Ahead of speaking at the Wellness Exchange in London on 23 March, Leila d'Angelo, head of brand at Urban Massage, discusses being a mission-led business in the wellness industry.

The Wellness Exchange is a one-day extravaganza featuring inspiring retail buyers, entrepreneurs and experts from the wellness industry. Book now.

What is your role at Urban Massage?

I’m in charge of brand, which includes anything from our advertising to our social, as well as ensuring we stay on brand as we grow and make decisions as a business.

How did the idea for Urban Massage happen?

Jack Tang co-founded Urban Massage three years ago with our CTO Giles. They’d just sold their first start-up and you can imagine they were pretty tired.

They realised they could order whatever they fancied – food, books, taxis – and sometimes have them arrive within minutes. But ordering or booking a massage just wasn’t part of that world. So they sat down and interviewed a hundred therapists to see where they could add value to the industry.

After those interviews they realised there was a huge opportunity; not just to build something that consumers would love, but also that would be way fairer for the therapists too.

Traditionally 80% of the price of a massage goes to the spa and the rest to the therapist, by building an on-demand service they saw a chance to turn that figure on its head.

How do you ensure Urban Massage has a strong brand and what lessons can other business owners learn from how you do it?

Being the brand voice in a start-up is super tricky (as well as highly rewarding of course).

There are so many things to balance and often it’ll come down to what will make the most money or drive the best growth.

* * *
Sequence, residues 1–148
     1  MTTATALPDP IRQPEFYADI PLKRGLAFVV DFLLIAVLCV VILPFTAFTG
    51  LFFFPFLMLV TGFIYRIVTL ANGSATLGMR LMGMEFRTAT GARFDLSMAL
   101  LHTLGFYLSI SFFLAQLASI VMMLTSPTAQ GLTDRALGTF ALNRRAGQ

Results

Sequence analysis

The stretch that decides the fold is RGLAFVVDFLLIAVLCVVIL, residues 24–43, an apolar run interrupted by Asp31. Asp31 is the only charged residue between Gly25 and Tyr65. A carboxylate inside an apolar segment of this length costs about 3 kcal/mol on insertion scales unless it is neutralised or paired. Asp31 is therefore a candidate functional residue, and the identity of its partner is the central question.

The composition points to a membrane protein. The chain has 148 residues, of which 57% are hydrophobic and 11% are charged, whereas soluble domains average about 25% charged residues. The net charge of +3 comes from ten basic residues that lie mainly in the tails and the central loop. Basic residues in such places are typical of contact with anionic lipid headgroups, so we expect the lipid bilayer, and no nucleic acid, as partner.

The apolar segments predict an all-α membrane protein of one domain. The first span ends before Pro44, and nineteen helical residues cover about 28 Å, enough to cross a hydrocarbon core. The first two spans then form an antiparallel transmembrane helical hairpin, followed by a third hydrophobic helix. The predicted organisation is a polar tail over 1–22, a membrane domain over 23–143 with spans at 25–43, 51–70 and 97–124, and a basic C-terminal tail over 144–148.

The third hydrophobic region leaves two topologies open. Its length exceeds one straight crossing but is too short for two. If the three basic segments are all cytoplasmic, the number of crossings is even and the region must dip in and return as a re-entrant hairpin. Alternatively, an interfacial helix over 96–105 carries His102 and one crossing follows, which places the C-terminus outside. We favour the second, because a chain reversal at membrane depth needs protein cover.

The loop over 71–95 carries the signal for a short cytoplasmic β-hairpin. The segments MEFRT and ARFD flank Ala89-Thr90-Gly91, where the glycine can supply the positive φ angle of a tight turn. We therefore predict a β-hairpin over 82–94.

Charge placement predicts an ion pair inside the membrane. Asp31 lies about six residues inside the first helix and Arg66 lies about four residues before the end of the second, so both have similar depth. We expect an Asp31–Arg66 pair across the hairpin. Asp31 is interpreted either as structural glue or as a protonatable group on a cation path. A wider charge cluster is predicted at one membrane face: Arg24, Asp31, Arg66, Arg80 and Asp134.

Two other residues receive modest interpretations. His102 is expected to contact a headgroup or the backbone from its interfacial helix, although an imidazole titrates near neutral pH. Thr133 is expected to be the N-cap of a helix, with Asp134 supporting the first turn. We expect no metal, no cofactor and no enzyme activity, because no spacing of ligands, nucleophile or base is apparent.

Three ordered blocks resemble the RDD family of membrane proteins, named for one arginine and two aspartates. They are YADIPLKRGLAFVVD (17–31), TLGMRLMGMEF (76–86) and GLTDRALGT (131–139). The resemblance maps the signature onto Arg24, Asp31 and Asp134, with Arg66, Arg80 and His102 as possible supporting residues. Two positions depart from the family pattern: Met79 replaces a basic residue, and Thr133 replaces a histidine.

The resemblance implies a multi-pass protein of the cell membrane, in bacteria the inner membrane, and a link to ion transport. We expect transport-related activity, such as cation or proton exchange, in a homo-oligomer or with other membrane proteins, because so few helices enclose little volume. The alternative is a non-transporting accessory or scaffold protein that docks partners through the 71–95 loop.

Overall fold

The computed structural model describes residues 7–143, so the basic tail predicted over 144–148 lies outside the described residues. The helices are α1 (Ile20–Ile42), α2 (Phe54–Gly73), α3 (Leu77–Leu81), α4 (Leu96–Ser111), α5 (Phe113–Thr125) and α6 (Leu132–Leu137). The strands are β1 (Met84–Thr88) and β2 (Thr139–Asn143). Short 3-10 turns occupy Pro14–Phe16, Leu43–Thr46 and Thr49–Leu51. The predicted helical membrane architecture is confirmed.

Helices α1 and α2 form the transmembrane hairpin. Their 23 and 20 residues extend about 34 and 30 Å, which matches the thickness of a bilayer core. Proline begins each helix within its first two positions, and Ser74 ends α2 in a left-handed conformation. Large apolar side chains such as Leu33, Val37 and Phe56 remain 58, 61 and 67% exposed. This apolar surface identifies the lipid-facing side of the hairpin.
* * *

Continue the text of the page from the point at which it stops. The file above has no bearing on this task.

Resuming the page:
Our CEO at Urban really believes in brand which makes it a lot easier, but in general it’s primarily a case of having a very strong and shared idea of what you’re about as a business.

The best way to get there is to have a workshop with the key players to agree the values you believe in, your purpose as a business and the things you’re not willing to compromise on.

And then it’s about being the annoying voice that’s always reminding everyone of what they’ve agreed.

How do you ensure consistent quality services are delivered by the therapists you work with?

Quality of experience has been something we’ve never been willing to compromise on. For us, it’s really all about working with amazing therapists.

To find them we speak to a lot of massage schools to meet their best graduates. We also meet all of our therapists in person and try them out before we accept them on to the platform, plus we’re constantly keeping an eye on ratings and feedback.

But it’s rarely necessary, only the people we trust hit our platform, which means they really care about delivering a great service too.

What are your three tips for growing a business in the wellness industry?

I had a chat with Jack, our CEO, and we’ve agreed these tips:

  • Start maintaining a little black book, both of people you’d like to work with internally and as a brand partnership. Growth often comes from who you’ve got behind you
  • Practice what you preach. It’s important to use your own product and be ‘well’ yourself. Jack still gets massages once a week and he encourages the rest of us to do the same
  • It’s an exciting industry to be in right now because it’s growing and changing so much, but that also means that you need to be on top it. You can’t rely on last year’s numbers, on behaviours that used to exist or what someone else says is going to be a trend. You need to keep your finger on the wellness pulse

The Wellness Exchange is a one-day extravaganza featuring inspiring retail buyers, entrepreneurs and experts from the wellness industry. Book now.

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